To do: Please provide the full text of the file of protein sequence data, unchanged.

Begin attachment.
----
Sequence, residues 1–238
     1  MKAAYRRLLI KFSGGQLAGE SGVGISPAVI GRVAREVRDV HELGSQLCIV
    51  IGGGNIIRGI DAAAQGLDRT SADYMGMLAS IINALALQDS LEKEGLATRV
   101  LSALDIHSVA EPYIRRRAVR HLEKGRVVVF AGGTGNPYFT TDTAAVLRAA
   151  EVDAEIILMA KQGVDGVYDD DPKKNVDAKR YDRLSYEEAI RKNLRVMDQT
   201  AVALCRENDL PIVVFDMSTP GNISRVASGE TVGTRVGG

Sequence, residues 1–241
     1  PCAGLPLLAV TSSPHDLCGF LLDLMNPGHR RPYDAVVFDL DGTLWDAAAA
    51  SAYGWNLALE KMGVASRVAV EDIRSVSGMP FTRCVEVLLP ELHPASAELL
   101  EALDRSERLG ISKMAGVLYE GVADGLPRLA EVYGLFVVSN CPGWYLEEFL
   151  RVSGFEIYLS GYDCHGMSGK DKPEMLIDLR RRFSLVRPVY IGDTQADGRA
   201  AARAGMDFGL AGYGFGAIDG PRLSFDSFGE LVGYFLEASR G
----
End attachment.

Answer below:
Sequence, residues 1–238
     1  MKAAYRRLLI KFSGGQLAGE SGVGISPAVI GRVAREVRDV HELGSQLCIV
    51  IGGGNIIRGI DAAAQGLDRT SADYMGMLAS IINALALQDS LEKEGLATRV
   101  LSALDIHSVA EPYIRRRAVR HLEKGRVVVF AGGTGNPYFT TDTAAVLRAA
   151  EVDAEIILMA KQGVDGVYDD DPKKNVDAKR YDRLSYEEAI RKNLRVMDQT
   201  AVALCRENDL PIVVFDMSTP GNISRVASGE TVGTRVGG

Sequence, residues 1–241
     1  PCAGLPLLAV TSSPHDLCGF LLDLMNPGHR RPYDAVVFDL DGTLWDAAAA
    51  SAYGWNLALE KMGVASRVAV EDIRSVSGMP FTRCVEVLLP ELHPASAELL
   101  EALDRSERLG ISKMAGVLYE GVADGLPRLA EVYGLFVVSN CPGWYLEEFL
   151  RVSGFEIYLS GYDCHGMSGK DKPEMLIDLR RRFSLVRPVY IGDTQADGRA
   201  AARAGMDFGL AGYGFGAIDG PRLSFDSFGE LVGYFLEASR G